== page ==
10 Tips on Caring for an Iguana ...


I love reptiles. Right now, I do not have an iguana, but I have had some really big ones and I do have to say that they love to slap you with their tails and they do hurt. Also, you do not want to be bitten by them, especially when they are bigger. Of course, you don’t want to be bitten by any of your pets, because it hurts! I have seen these being given out as door prices at the fair and I have to say that this is not right. Despite what some of you may think, an iguana is NOT for beginners. Iguanas are NOT for kids. They require a lot of care and if you do not do it right, you will kill them. Below, I am going to give you 10 tips on caring for an iguana…

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Learn about Your Iguana before You Get Them

Learn about Your Iguana before You Get Them Photo Credit: José Luis Luque

It is important that you do some reading and learn about the iguana before you decide to get them. You do not want to get the pet and then read about them. Take note that there are many books and information that are outdated. Make sure you read different sources.


Do Not Give Them Lettuce!

Do Not Give Them Lettuce! Photo Credit: memyselfeye

I went into the pet store the other day and guess what! They were feeding their iguana lettuce! Do not do this! It’s not good for them, they are not getting any nutrients out of it.


Do Not Give the Iguana Dry Food

I look in the reptile aisle for some calcium dust for my lizard and see dry food for reptiles. You know, it’s kind of like dry dog food and cat food. This isn’t good for them, so you should avoid feeding them the dry food and go with fresh food.


Avoid Feeding the Iguana Frozen Food

Avoid Feeding the Iguana Frozen Food Photo Credit: *ian*

Many people love to chop the greens, strawberries and all the staple foods up, put it in a baggy and freeze it. This isn’t a good idea. I love preparing fresh food for my lizard every day. When you freeze the food, you are getting rid of the nutrients in it.


Keep a List of What to Feed the Iguana

It is important that you keep a list of food that they can eat. You should also keep a list of food to avoid. This is a site that will give you a list of staple (food they can have all the time). They also give a list of foods you can give as treats and that you should never give them.


Do Not Feed Your Iguana Meat!

Do Not Feed Your Iguana Meat! Photo Credit: Heather Leah Kennedy

With some of the other lizards, you get to feed them mice, pinky mice, crickets, meal worms and all that good stuff, but iguanas are not meat eaters. Feed them fruits and vegetables only.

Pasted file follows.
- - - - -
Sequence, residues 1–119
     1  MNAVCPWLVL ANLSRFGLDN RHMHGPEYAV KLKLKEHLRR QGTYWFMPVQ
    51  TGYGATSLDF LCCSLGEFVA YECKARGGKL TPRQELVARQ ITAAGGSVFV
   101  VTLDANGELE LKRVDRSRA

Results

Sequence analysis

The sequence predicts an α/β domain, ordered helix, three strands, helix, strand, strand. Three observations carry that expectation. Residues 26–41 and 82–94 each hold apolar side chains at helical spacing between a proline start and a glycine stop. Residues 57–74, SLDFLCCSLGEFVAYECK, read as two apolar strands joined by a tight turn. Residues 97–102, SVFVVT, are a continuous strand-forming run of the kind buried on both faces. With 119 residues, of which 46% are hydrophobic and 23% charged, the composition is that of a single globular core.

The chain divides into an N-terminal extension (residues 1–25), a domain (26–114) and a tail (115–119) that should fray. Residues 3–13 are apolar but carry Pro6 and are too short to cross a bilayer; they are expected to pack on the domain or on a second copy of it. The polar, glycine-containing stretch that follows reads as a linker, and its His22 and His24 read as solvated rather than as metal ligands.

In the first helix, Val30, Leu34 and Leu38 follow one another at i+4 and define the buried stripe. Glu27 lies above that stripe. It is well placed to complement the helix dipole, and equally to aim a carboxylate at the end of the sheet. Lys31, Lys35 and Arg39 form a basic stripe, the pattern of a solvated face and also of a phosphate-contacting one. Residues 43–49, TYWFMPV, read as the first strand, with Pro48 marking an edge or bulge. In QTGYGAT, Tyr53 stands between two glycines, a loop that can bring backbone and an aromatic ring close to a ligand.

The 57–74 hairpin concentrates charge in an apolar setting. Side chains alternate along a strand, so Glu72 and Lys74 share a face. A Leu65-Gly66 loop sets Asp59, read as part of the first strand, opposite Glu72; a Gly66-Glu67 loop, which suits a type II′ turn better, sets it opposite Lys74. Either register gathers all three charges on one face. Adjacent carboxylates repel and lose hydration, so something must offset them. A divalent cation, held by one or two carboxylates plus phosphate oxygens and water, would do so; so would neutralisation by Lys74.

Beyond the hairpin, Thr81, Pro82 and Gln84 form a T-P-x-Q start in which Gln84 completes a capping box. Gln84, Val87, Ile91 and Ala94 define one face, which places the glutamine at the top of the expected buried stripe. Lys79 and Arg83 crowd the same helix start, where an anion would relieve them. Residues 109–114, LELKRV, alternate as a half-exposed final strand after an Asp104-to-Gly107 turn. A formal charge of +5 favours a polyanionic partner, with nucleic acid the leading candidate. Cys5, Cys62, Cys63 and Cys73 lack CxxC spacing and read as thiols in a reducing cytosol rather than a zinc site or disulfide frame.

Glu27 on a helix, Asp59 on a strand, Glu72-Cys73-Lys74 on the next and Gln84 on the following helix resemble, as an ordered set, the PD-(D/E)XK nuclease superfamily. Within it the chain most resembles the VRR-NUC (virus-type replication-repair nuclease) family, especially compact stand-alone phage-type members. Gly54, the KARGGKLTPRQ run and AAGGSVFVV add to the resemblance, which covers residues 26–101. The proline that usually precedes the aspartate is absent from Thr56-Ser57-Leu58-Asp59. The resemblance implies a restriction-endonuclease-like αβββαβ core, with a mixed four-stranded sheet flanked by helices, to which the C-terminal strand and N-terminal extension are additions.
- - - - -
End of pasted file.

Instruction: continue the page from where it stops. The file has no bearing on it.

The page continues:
Make Sure You Can Afford to Have an Iguana

It is going to cost you money to own an iguana. On a weekly basis, you will need to get them fresh food. You will also need to build them a good habitat and get some fluorescent light bulbs, which you will need to replace every six months. Vet bills can also be costly.


Mouth Rot in an Iguana

Mouth Rot in an Iguana Photo Credit: SummerTX

Iguanas, just like any other lizard builds up bacteria in their mouth. Many beginners find mouth rot on their iguana. It will kill the lizard if you do not properly take care of it. Some early signs include change in appetite, thickening of the saliva and change in color of the inside of the mouth. Treatment usually includes cleaning the mouth to clear the pus out. Some use peroxide or mouth wash to do this. You should ask your vet if you suspect your iguana has mouth rot.


Cleaning Your Iguana

Cleaning Your Iguana Photo Credit: sonic07

It is important that you clean your iguana on a regular basis. They are famous for spreading bacteria known as Salmonella and you can avoid this by properly cleaning the iguana and the habitat they live in.


Iguanas Are Prone to Certain Diseases

Iguanas Are Prone to Certain Diseases Photo Credit: mirellawognum

Iguanas are prone to certain diseases such as metabolic bone disease (they need calcium!), paralysis of the rear legs, thermal injuries, nose abrasions, dry gangrene infections, skin infections, mouth rot, internal and external parasites, egg binding and bladder stones. You should schedule regular vet visits to get checked out. Blood work and stool samples should be taken.

It is also important to make sure your iguana has proper sunlight and warmth. Speaking in warmth, DO NOT get your iguana a heat rock! I do not know why they still sell these things in stores these days. They can cause your iguana to be burned as they will just sit there on it. So, do you have an iguana?

Top Photo Credit: MiqsPix

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